This thesis explores whether the spot or the futures market drives the price of bitcoin, using bitcoin spot prices from the exchange Bitstamp and CME bitcoin future from February 2019to March 2020. In particular, various econometric methods within the scope of cointegration theory are applied to examine the long-run relationship and the short-term dynamics between the bitcoin spot and futures market. Subsequently, conventional measures from the literature on price discovery are employed to investigate the responsiveness of each market to new information about the fundamental value of bitcoin.
Overall, it is concluded that it is the bitcoin spot markets that drive the price of bitcoin. The analysis confirms the presence of a cointegrating equilibrium relation between the markets, in line with financial theory on the ‘law of one price’. Moreover, analyses concerning short-term dynamics suggest the bitcoin futures market adjusts more to disequilibria than the bitcoin spot prices, and that innovations to the bitcoin spot price explain the variation in both price series, with a few hours lag. Lastly, we find evidence that suggests that price discovery almost exclusively takes place in the spot market.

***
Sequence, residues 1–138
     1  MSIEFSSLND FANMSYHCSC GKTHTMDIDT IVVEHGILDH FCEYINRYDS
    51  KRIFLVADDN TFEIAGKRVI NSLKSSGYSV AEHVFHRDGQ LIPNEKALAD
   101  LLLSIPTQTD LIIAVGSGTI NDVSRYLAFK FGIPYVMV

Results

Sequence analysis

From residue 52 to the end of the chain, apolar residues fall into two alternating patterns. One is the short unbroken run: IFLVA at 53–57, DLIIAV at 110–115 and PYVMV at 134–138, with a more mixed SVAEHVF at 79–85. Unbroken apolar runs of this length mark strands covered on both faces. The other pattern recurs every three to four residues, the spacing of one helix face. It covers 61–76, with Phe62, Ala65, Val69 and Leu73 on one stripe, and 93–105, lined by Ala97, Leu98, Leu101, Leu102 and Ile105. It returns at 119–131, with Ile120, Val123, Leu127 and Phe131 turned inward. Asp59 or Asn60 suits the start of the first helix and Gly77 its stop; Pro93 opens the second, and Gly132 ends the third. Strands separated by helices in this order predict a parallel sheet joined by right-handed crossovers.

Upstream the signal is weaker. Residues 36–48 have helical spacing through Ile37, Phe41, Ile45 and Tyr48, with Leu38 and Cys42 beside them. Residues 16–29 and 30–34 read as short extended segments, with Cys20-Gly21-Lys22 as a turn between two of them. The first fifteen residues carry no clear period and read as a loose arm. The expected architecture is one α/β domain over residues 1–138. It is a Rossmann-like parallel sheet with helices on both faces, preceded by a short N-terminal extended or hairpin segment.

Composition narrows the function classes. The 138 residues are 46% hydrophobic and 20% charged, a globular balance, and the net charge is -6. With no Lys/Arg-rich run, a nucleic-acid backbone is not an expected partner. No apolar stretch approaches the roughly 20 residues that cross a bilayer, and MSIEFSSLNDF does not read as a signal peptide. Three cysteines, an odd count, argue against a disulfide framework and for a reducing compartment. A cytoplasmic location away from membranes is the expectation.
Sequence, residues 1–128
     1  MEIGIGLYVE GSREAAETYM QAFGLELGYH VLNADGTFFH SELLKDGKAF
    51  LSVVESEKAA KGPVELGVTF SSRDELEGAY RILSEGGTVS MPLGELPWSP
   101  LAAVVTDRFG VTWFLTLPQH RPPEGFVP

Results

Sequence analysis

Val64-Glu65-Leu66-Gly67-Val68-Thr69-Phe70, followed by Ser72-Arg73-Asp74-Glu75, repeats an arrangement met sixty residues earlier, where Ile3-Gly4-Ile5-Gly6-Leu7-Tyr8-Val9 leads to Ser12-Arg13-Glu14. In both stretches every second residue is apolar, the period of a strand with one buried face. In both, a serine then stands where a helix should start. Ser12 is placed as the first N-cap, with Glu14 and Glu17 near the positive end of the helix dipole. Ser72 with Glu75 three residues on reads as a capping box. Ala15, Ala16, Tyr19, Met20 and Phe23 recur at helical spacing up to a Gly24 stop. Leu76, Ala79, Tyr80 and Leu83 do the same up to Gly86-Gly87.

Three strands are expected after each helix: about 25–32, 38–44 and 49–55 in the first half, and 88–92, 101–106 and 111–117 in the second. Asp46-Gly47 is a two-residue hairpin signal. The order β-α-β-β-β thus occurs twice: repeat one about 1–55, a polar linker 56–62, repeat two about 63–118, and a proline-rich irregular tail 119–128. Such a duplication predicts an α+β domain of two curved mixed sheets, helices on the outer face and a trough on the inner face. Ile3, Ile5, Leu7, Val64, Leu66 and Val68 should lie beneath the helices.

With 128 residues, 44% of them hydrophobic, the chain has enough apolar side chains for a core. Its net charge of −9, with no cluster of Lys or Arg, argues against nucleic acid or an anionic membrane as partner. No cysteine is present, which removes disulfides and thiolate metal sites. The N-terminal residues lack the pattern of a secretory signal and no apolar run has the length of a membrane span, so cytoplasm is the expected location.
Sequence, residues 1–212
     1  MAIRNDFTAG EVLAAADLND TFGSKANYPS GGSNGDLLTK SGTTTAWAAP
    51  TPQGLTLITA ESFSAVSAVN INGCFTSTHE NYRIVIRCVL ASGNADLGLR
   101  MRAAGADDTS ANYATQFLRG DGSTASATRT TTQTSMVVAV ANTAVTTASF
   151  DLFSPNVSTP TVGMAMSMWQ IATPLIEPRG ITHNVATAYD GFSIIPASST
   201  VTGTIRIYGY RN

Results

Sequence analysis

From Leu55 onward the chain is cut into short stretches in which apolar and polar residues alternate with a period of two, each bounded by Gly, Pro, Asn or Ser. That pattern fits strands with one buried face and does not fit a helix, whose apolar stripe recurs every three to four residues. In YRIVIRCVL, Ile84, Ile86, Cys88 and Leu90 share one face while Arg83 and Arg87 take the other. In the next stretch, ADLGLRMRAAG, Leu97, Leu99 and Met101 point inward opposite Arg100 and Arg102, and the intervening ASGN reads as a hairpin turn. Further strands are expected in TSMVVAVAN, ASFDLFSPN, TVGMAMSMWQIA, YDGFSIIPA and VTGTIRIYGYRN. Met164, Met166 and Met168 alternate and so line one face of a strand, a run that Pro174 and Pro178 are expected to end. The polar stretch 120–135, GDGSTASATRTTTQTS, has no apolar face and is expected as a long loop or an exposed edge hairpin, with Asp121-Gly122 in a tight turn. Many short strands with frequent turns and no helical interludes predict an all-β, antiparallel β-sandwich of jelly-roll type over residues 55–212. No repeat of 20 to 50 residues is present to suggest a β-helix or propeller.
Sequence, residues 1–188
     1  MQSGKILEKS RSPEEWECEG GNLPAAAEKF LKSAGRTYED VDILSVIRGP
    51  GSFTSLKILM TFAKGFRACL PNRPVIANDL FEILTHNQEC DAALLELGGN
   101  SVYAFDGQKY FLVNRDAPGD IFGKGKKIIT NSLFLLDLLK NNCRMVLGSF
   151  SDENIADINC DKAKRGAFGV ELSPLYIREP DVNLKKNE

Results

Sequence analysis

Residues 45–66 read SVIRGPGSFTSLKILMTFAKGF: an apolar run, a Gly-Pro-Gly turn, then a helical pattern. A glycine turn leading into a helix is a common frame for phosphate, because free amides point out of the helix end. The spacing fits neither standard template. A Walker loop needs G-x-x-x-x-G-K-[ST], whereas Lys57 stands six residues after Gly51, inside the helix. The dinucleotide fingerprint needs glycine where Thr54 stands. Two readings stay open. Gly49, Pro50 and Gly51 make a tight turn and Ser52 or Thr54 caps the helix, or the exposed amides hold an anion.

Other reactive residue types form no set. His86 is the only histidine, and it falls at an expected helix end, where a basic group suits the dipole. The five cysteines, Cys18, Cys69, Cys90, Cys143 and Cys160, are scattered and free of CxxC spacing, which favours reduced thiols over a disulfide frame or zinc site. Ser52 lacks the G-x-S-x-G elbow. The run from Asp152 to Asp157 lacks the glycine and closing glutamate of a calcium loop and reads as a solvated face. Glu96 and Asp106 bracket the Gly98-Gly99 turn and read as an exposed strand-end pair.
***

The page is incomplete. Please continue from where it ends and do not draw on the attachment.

The main academic contribution of this thesis is that it develops knowledge regarding the information flows between and price discovery processes of bitcoin spot and futures markets. It is unique in that it applies a combination of an extensive cointegration methodology with price discovery theory to an hourly data set in the context of bitcoin price series.
|Educations||MSc in Advanced Economics and Finance, (Graduate Programme) Final Thesis|
|Number of pages||126|
|Supervisors||Lisbeth la Cour|